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Owner Move-In Evictions
Proving a Bad Faith OMI

Proving a Bad Faith OMI

Proving a Bad Faith OMI


Proving a Bad Faith OMI

In cities with strong rent and eviction control laws, like San Francisco, Oakland, and Berkeley landlords must have a “just cause” to evict tenants from their rental homes. One of these just causes is an owner move-in eviction (“OMI”). If a landlord wants to live in their property or have a close family member move in, the law permits them to evict the tenant. However, there are detailed restrictions on when and how landlords can evict a tenant for an OMI.

Landlords must initiate an OMI eviction in good faith. When a landlord evicts a tenant in bad-faith tenants can take legal action to seek compensation. Proving that you were subjected to a bad-faith OMI eviction is difficult, but it can be done with help from a skilled tenant attorney.

The Landlord’s Principal Place of Residency

For an owner move-in eviction to be legitimate, the owner must occupy the unit must as their principal place of residency for three years. This means the unit must become their primary home; they cannot justify an eviction by simply staying in the unit occasionally.

Factors for whether a home is your landlord’s principal residence include:

  • Whether the property is listed as their home address on their driver’s license, vehicle registration, voter registration, and other important documents
  • Utilities are set up and bills are in their name at the property
  • Whether they moved their personal belongings into the unit
  • Whether they file a home owner’s tax exemption for the unit or another property
  • Where they spend the majority of their time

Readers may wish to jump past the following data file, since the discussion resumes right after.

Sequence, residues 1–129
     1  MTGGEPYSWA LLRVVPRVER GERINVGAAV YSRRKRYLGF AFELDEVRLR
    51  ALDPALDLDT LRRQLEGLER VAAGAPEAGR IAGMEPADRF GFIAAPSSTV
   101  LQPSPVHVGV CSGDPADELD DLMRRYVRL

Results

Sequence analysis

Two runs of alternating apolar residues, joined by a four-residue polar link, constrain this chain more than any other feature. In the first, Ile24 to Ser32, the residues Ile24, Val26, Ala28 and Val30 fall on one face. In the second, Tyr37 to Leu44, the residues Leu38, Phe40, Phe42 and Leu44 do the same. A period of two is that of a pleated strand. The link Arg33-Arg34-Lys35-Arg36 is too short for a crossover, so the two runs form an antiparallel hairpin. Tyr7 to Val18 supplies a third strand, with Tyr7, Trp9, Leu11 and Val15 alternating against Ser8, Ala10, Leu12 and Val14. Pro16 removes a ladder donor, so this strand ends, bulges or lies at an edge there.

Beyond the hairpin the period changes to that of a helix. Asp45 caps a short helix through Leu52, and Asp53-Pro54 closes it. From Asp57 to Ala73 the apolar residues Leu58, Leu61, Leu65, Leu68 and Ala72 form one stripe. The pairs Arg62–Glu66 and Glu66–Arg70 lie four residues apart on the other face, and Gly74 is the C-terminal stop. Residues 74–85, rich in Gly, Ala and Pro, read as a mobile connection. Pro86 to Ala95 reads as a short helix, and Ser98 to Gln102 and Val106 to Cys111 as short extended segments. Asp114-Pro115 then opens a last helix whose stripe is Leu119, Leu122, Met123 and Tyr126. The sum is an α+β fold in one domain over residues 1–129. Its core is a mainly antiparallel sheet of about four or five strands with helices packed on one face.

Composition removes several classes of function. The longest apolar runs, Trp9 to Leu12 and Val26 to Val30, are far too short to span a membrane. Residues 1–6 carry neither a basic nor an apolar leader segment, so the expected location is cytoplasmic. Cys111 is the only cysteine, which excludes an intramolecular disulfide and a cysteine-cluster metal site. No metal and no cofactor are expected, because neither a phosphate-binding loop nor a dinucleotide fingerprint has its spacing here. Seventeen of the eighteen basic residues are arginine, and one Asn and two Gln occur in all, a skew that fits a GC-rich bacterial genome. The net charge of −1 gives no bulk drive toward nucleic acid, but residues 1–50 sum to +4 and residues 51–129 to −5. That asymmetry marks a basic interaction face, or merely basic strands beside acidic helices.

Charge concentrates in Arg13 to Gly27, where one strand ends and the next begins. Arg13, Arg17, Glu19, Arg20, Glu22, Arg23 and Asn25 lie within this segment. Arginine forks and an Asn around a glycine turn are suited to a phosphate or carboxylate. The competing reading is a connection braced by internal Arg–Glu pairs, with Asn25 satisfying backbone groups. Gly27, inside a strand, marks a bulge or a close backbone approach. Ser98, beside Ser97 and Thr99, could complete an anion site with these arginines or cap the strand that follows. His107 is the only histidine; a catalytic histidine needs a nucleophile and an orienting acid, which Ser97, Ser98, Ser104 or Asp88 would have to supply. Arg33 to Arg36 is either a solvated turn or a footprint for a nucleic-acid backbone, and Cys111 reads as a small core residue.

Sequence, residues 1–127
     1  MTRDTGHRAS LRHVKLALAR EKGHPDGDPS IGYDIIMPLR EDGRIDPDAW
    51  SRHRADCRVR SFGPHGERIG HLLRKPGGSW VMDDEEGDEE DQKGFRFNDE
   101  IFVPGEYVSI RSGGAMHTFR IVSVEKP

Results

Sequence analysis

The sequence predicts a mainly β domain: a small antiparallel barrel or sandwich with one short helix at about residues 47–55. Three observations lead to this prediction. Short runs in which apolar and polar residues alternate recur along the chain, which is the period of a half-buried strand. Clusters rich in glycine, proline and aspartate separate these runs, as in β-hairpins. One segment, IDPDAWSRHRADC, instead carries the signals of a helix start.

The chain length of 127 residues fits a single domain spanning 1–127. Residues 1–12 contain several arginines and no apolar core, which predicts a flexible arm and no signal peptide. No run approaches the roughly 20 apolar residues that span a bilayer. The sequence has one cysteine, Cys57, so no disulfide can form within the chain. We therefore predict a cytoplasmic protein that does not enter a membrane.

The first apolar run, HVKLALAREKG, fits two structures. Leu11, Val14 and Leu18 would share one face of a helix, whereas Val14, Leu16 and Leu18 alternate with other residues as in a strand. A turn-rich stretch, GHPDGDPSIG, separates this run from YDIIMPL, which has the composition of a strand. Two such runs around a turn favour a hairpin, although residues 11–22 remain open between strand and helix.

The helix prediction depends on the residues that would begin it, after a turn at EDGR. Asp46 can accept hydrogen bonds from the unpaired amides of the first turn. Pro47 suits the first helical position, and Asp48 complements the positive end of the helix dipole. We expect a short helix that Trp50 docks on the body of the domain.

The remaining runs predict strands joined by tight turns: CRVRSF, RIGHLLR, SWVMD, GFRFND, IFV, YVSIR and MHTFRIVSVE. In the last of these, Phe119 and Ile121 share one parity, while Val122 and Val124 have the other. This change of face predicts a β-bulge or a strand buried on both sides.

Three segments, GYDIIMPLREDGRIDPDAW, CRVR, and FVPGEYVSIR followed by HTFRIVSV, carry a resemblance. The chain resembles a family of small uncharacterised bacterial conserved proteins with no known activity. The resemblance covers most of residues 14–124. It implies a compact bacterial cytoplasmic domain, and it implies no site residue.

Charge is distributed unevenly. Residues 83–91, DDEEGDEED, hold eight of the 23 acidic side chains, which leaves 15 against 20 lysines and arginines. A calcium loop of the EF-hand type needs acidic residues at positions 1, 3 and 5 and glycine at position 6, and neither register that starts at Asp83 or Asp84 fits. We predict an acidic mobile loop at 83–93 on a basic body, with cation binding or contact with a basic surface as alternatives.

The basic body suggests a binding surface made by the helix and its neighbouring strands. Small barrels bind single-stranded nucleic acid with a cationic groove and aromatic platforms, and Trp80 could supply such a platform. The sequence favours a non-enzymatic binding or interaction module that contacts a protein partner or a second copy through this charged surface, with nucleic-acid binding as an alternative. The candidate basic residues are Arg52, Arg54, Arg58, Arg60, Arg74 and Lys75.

If your attorney can demonstrate that the unit is NOT the landlord’s principal residence, they can likely prove a bad faith OMI. 

Other evidence of bad faith may include, but is not limited to, any of the following:

  • the landlord failed to file the eviction notice with the Rent Board
  • the landlord or relative did not move into the unit within three months of recoveing possession and then occupy it as their principal residence for a minimum of 36 consecutive months,
  • the landlord or relative lacks a legitimate reason for not moving into the unit within three months and/or then occupying said unit as their principal residence for a minimum of 36 consecutive months
  • the landlord did not file a statement of occupancy with the Rent Board
  •   the landlord rented the unit to a new tenant

Consult with an Experienced Wrongful Eviction Attorney Today

Wolford Wayne represents tenants who are wrongfully evicted, including those forced out due to a bad faith OMI. If you have received an OMI eviction notice, please contact us today to discuss your situation.

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For more information or to discuss your legal situation, call us today at (415) 649-6203 for a phone consultation or submit an inquiry below. Please note our firm can only assist tenants residing in San Francisco, Oakland & Berkeley.

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